Starting out as just a waypoint for us between Portugal and the Picos de Europa, the Spanish city of León turned into a highly recommendable destination—as those of you who have hiked the Camino de Santiago already know. León has the energy of a university town, one of the most stunning cathedrals in Spain and Casa Botines, one of architect Antonio Gaudí’s earliest designs: the city’s prize attraction for me.
Casa Botines means shoes in Spanish. But you won’t find a pair of Birkenstocks, Jimmy Choos or Vetements here. Gaudí designed Casa Botines as a textile and fabrics warehouse for Simón Fernández and Mariano Andrés, owners of a company that bought fabrics from Gaudí’s friend and patron, Eusebi Güell. Simón and Mariano named the building after the former owner of their company, Joan Homs i Botinàs.
Started in 1891, it took less than a year to complete, perhaps because Gaudí always used the same Catalonian work team, craftsmen who could fabricate a complex trapezoidal-shaped wooden structure. What’s truly remarkable are the cast-iron columns Gaudí used—for the first time in the world in a frame structure—to create an open-plan concept on the ground floor without the need for load-bearing walls, like we see in department stores today. Gaudí was a man for the people. Can you believe he designed the lower level, where mostly women sorted bolts of fabric, to be full of daylight to make their work easier and the space more cheerful?
A magnificent building, it became a museum only a few months before we arrived in León. Magellan and I signed up for a tour in English, which proved to be delightful and informative, and gave us an hour beforehand to wander around on our own. That’s when we discovered Goya’s Los Caprichos exhibition in the basement.
It was in 1792, one hundred years before you could buy a bolt of silk at Casa Botines, that one of Spain’s most important artists—Francisco de Goya, at the time Court Painter of Carlos IV and Maria Luisa—totally changed his style and approach. That year, after a failed romance, Goya contacted an undiagnosed illness (syphilis? polio? menières’s disease? lead poisoning?) that caused him to go deaf. Goya’s art turned from rococo portraits of the Spanish aristocracy to the darker reality, the grim everyday life of the poor, the insane, prostitutes, prisoners, even witches. He began to create art that addressed, in a disguised manner, the “abuses by the Roman Catholic Church, societal ills from pedophilia to prostitution, and rampant superstition in an age of revolution and terror.” Art for a moral purpose, as he himself stated, to criticize “the innumerable foibles and follies to be found in any civilized society, the common prejudices and deceitful practices which custom, ignorance and self interest have made usual.”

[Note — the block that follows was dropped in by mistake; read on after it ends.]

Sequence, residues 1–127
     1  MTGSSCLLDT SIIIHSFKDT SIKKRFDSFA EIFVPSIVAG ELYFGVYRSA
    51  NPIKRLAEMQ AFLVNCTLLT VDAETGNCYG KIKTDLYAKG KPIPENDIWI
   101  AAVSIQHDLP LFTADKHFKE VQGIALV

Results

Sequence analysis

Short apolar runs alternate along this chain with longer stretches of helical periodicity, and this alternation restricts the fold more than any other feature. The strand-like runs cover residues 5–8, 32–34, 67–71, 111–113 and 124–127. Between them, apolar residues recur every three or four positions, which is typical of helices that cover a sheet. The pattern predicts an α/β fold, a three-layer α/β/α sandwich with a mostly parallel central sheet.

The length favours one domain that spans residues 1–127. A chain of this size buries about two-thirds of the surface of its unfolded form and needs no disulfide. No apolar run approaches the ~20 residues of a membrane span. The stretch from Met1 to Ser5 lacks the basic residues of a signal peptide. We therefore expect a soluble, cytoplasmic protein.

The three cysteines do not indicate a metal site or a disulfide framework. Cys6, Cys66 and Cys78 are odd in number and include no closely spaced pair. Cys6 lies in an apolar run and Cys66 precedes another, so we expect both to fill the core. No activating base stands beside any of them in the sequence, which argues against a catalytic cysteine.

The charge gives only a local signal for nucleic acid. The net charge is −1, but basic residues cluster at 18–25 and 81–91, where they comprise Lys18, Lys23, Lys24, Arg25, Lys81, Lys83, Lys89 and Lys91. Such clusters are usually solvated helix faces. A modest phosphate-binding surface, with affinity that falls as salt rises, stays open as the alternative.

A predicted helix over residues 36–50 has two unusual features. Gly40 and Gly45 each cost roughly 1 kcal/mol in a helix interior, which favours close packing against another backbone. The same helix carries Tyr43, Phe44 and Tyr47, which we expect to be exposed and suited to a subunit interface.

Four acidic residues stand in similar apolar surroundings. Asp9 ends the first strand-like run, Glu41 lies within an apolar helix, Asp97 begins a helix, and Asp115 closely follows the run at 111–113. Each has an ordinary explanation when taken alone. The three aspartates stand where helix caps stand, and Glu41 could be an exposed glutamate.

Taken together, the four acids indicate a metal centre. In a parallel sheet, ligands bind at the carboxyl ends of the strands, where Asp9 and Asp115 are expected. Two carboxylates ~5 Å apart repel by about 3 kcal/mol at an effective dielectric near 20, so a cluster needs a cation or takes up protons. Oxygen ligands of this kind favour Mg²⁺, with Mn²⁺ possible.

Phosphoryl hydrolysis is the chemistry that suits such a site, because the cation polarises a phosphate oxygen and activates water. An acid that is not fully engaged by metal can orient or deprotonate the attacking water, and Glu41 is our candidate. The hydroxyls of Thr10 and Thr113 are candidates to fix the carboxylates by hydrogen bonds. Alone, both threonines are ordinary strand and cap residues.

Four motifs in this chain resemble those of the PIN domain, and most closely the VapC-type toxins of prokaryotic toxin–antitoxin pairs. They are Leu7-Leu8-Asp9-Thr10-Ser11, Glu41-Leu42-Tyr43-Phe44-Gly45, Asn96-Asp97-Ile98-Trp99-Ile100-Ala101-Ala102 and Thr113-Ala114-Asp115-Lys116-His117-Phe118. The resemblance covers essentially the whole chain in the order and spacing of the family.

Los Caprichos or The Caprices are an absorbing set of 80 etchings and aquatints published as an album in 1799 but withdrawn, probably because of the Inquisition. In a letter a few years before Goya wrote “I don’t fear witches, hobgoblins, ghosts, giants, rogue sand liars or any kind body except human ones.” The Caprices are disturbing, grotesque and nightmarish, full of creatures with a driving animalism for exploitation and self-satisfaction, although I also found some of them to be quite humorous. As the art critic Robert Hughes writes, “Goya’s peculiar slant, which lends a special power to his work, is that he will not accept the familiar scheme of goodies and baddies, exploiters and unknowing victims. To him all of Madrid society is linked in a series of agreements or, to put it more bluntly, deals. I grab from you; you grab from me; each of us loses and each gets something.”
I’m surprised in looking at our photos of Los Caprichos, that we have so few. Perhaps it’s because we spent a lot of time on the main floor of Casa Botines before Maria’s tour and by the time she finished, the museum was about to close. Or maybe I was too absorbed in the details of these amazing works—in the moment and not thinking of sharing the experience with you in this blog.
Los Caprichos wasn’t a financial success when it was first published; only 27 of the 240 albums were sold. As you’d expect, someone reported the artist to the Spanish Inquisitors. Goya quickly withdrew the plates and all of the unsold albums but luckily, a few years later Los Caprichos was donated to the Royal Calcografia in return for a pension for his son.
In writing this, I wondered about famous Spaniards from 1992, a hundred years after Casa Botines, two hundred years after Goya’s artistic turnabout. A famous Spaniard that our great grandchildren will be talking about. Will it be Ferran Adrià, considered the world’s best chef of the last century and recipient of Spain’s National Gastronomy Award for Best Chef de Cuisine in 1992? Or Javier Marías who published Corazón tan blanco (A Heart So White) in 1992 and has been given 10:1 odds to receive the Nobel Prize for Literature this year? (It’s excellent, but a later novel, The Infatuations, is unputdownable.) Or will it be graffiti artist Sam3 whose works adorn walls around the world and, in Arte Español Contemporaneo 1992-2013, was named one of Spain’s most important contemporary artists? Or Santiago Calatrava, the architect who designed The Montjuic Communications Tower and Kuwait Pavilion for the Barcelona Olympics in 1992? What a country!
Here’s the link to the Casa Botines website.
UPDATE, OCTOBER 14, 2020:
Peter Schjeldahl in The New Yorker (September 21, 2020) has an excellent article about Goya’s “burlesques of donkey-headed professionals, superstitious peasantry, female and male poseurs, hypocritical clerics, and fools, who, perhaps because so lost in delusion, verge on transmogrifying out of human form.”